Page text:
New Horizons captured this unique view of Jupiter's moon Io with its color camera -- the Multispectral Visible Imaging Camera (MVIC) -- at 00:25 UT on March 1, 2007, from a range of 2.3 million kilometers (1.4 million miles). The image is centered at Io coordinates 4 degrees south, 162 degrees west, and was taken shortly before the complementary Long Range Reconnaissance Imager (LORRI) photo of Io released on March 13 (see PIA09250), which had higher resolution but was not in color.
As in the LORRI picture, this processed image shows the nighttime glow of the Tvashtar volcano and its plume rising 330 kilometers (200 miles) into sunlight above Io's north pole. However, the MVIC picture reveals the intense red of the glowing lava at the plume source and the contrasting blue of the fine dust particles in the plume (similar to the bluish color of smoke), as well as more subtle colors on Io's sunlit crescent. The lower parts of the plume in Io's shadow, lit only by the much fainter light from Jupiter, are almost invisible in this rendition. Contrast has been reduced to show the large range of brightness between the plume and Io's disk.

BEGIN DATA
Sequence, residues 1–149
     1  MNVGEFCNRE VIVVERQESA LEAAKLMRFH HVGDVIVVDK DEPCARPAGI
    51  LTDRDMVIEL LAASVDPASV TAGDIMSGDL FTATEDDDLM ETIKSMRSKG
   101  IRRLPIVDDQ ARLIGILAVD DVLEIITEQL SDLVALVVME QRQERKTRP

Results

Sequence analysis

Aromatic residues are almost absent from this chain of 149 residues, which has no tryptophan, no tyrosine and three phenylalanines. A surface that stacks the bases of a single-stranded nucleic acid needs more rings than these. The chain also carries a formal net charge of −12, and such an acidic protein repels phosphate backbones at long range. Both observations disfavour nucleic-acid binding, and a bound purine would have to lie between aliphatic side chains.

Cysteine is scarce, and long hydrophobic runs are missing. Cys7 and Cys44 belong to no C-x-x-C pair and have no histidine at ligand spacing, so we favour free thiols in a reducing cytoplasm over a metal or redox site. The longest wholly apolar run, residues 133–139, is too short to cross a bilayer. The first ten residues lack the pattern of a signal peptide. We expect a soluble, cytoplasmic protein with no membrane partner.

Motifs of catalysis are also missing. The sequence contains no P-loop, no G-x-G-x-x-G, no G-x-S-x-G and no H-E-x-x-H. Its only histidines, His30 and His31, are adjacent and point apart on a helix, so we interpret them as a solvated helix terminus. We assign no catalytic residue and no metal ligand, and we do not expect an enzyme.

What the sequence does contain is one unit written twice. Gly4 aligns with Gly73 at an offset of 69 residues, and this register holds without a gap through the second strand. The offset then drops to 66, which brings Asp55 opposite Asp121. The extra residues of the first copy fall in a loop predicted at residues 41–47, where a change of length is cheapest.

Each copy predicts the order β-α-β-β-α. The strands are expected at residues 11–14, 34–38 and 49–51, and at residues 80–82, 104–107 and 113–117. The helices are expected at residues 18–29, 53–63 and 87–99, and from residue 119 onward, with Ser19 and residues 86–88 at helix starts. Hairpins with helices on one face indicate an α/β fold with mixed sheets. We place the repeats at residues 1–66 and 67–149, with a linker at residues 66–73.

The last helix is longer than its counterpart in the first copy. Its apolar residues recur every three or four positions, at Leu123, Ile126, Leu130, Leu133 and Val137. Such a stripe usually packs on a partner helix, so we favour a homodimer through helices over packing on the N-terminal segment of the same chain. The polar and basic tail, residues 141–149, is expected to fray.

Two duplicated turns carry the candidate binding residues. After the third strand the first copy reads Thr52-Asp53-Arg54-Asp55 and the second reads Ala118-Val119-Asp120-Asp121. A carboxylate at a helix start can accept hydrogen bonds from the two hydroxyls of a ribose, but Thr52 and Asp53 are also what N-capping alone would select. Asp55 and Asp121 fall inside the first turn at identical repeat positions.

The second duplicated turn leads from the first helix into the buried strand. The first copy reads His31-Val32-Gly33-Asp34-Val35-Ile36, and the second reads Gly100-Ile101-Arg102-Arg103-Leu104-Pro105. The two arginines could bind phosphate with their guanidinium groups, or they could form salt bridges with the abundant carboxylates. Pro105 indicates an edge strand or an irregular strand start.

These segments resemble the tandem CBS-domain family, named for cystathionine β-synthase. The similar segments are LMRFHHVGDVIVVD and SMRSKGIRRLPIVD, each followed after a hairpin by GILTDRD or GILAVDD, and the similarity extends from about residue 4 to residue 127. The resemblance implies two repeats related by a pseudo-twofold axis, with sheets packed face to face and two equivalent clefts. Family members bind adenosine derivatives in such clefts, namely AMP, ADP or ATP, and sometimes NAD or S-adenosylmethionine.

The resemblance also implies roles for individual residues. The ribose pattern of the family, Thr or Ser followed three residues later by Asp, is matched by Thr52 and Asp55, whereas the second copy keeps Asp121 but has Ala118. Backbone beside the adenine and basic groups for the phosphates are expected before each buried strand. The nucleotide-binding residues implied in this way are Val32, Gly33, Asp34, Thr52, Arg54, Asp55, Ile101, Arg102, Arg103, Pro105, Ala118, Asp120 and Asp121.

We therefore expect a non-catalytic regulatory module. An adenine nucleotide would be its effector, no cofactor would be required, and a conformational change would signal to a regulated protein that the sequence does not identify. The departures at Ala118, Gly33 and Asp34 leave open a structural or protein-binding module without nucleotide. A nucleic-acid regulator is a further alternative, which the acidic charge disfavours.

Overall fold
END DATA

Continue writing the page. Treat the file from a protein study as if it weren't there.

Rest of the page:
A component of the Ralph imaging instrument, MVIC has three broadband color filters: blue (480 nanometers), red (620 nm) and infrared (850 nm); as well as a narrow methane filter (890 nm). Because the camera was designed for the dim illumination at Pluto, not the much brighter sunlight at Jupiter, the red and infrared filters are overexposed on Io's dayside. This image is therefore composed from the blue and methane filters only, and the colors shown are only approximations to those that the eye would see. Nevertheless, the human eye would easily see the red color of the volcano and the blue color of the plume.
Image Credit: NASA/Johns Hopkins University Applied Physics Laboratory/Southwest Research Institute